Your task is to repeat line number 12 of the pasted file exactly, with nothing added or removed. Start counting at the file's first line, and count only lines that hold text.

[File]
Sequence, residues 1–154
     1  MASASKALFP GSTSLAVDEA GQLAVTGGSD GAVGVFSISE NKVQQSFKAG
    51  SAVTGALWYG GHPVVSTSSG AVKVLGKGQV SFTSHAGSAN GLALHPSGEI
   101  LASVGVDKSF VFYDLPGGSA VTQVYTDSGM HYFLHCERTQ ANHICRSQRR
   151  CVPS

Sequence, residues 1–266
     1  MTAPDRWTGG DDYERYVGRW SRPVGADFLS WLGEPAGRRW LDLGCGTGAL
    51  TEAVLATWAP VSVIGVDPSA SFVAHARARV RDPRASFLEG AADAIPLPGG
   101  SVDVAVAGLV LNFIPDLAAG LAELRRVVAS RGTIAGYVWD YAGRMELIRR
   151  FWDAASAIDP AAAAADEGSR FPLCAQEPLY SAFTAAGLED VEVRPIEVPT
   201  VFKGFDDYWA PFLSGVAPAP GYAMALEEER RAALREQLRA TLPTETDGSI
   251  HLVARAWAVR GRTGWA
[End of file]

   251  HLVARAWAVR GRTGWA